A school in Gujarat, run by Sufalam Shala Vikas Sankul, asked what did Mahatma Gandhi do to commit suicide to class 9 students in their internal evaluation exams.
Class 9 students were asked ‘What did Gandhiji do to commit suicide?’ (Gandhiji e aapghat karwa maate shu karyu?). When the media reports came out of the above question being asked to school students, my first instinct was to distrust the reports because why would any school ask such a question. I also thought that perhaps this was misinterpreted as question might be translated into English from Gujarati.
Gujarat government had already sent a notice to the school and an inquiry has also been initiated against the teacher who set the paper. It became all the more important to verify whether the state government acted in haste based on media reports?
However, when I saw the question paper copy, I was taken aback.
The school teacher really did ask this.
To begin with, Mahatma Gandhi never committed suicide. He was assassinated by Nathuram Godse on 30th January, 1948. The school trust convener, SP Patel, had justified the question by giving a bizarre explanation that the reference to the question on Mahatma Gandhi’s ‘thought’ on committing suicide is there in the Gujarat State School Textbook Board (GSSTB) curriculum textbook. He added that his autobiography ‘My Experiments With Truth’ (Satya Na Prayogo) also mentioned his ‘thoughts’ on committing suicide. Patel then added that he saw nothing wrong in the question.
Erm. The question they have asked is ‘how did Gandhiji commit suicide’ when they meant to ask ‘what did Gandhiji do when he thought of committing suicide’. So that question is not only factually incorrect (because Mahatma Gandhi didn’t commit suicide) but the fact that school convener does not think it is wrong is even more disturbing.
Coming back to the reference SP Patel, the school convener, talks about in Mahatma Gandhi’s autobiography, the latter talks about how he wanted to commit suicide because he felt suffocated due to lack of independence when he was young, even before he got married. According to his autobiography [pdf], he talks about the time he and his friend felt like committing suicide for being unable to do anything without elders’ permission.
The relevant portion of his autobiography is produced her verbatim.
I have still to relate some of my failings during this meat eating period and also previous to it, which date from before my marriage or soon after. A relative and I became fond of smoking. Not that we saw any good in smoking, or were enamoured of the smell of a cigarette. We simply imagined a sort of pleasure in emitting clouds of smoke from our mouths. My uncle had the habit, and when we saw him smoking, we thought we should copy his example. But we had no money. So we began to pilfering stumps of cigarettes thrown away by my uncle.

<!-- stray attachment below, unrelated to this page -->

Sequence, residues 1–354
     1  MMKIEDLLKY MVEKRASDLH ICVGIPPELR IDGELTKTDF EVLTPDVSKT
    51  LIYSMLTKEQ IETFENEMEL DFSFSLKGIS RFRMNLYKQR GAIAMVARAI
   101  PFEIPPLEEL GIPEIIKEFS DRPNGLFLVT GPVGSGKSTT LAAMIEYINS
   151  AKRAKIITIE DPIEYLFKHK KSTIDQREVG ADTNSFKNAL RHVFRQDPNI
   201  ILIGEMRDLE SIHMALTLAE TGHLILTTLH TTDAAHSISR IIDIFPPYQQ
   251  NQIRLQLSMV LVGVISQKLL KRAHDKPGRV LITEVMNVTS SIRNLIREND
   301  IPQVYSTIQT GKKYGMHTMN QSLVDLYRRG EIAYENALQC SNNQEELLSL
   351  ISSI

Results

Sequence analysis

The stumps, however, were not always available, and could not emit much smoke either. So we began to steal coppers from the servant’s pocket money in order to purchase Indian cigarettes. But the question was where to keep them. We could not of course smoke in the presence of elders. We managed somehow for a few weeks on these stolen coppers. In the meantime we heard that the stalks of a certain plant were porous and could be smoked like cigarettes. We got them and began this kind of smoking.
But we were far from being satisfied with such things as these. Our want of independence began to smart. It was unbearable that we should be unable to do anything without the elders’ permission. At last, in sheer disgust, we decided to commit suicide!
But how were we to do it? From where were we to get the poison? We heard that Dhatura seeds were an effective poison. Off we went to the jungle in search of these seeds, and got them. Evening was thought to be the auspicious hour. We went to Kedarji Mandir, put ghee in the temple lamp, had the darshan and then looked for a lonely corner. But our courage failed us.
Supposing we were not instantly killed? And what was the good of killing ourselves? Why not rather put up with the lack of independence? But we swallowed two or three seeds nevertheless. We dared not take more. Both of us fought shy of death, and decided to go to Ramji Mandir to compose ourselves, and to dismiss the thought of suicide.
I realized that it was not as easy to commit suicide as to contemplate it. And since then, whenever I have heard of someone threatening to commit suicide, it has had little or on effect on me.
So yes, Mahatma Gandhi did think of committing suicide because he did not like having to ask elders for their permission to do things, especially having to smoke cigarettes and eating meat, coming from a vegetarian family. He did ‘experiment’ with trying to commit suicide by consuming ‘dhatura’ seeds along with his friend who was also ‘tired’ of seeking elders’ permission. They even went to a temple at an auspicious time do kill themselves.
However, they both did not have the courage. They realised killing themselves may not do them any good and dismissed the thought of committing suicide.
Fortunately, good sense prevailed over both and MK Gandhi and his friend quit smoking thereafter.
Note: If you or someone you know is suicidal or in emotional distress, contact your nearest suicide prevention helpline. These centres provide crisis counselling and mental health referrals.
Politically incorrect. Author, Flawed But Fabulous.